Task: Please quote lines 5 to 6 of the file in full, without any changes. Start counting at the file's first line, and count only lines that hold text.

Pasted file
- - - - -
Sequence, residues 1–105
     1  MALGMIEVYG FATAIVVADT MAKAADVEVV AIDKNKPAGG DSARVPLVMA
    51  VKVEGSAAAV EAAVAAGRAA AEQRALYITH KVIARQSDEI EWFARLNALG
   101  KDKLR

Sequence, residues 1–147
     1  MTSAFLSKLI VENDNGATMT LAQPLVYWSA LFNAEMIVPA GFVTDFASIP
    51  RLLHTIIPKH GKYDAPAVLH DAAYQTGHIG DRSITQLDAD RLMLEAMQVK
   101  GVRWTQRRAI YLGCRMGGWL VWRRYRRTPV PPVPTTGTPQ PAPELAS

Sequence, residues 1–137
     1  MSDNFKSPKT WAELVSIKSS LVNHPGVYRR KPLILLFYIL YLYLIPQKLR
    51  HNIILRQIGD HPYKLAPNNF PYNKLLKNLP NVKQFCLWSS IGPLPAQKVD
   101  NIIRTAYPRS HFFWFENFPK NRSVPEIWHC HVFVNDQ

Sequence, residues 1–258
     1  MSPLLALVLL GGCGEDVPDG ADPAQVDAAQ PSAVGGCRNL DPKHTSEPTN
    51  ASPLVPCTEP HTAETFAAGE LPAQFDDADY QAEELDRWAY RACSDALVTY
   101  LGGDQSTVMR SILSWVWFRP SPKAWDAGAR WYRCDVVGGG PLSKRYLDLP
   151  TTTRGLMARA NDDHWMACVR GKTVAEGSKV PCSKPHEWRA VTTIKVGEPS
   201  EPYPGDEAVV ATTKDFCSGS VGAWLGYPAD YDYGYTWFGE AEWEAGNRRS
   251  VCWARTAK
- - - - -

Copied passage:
Sequence, residues 1–147
     1  MTSAFLSKLI VENDNGATMT LAQPLVYWSA LFNAEMIVPA GFVTDFASIP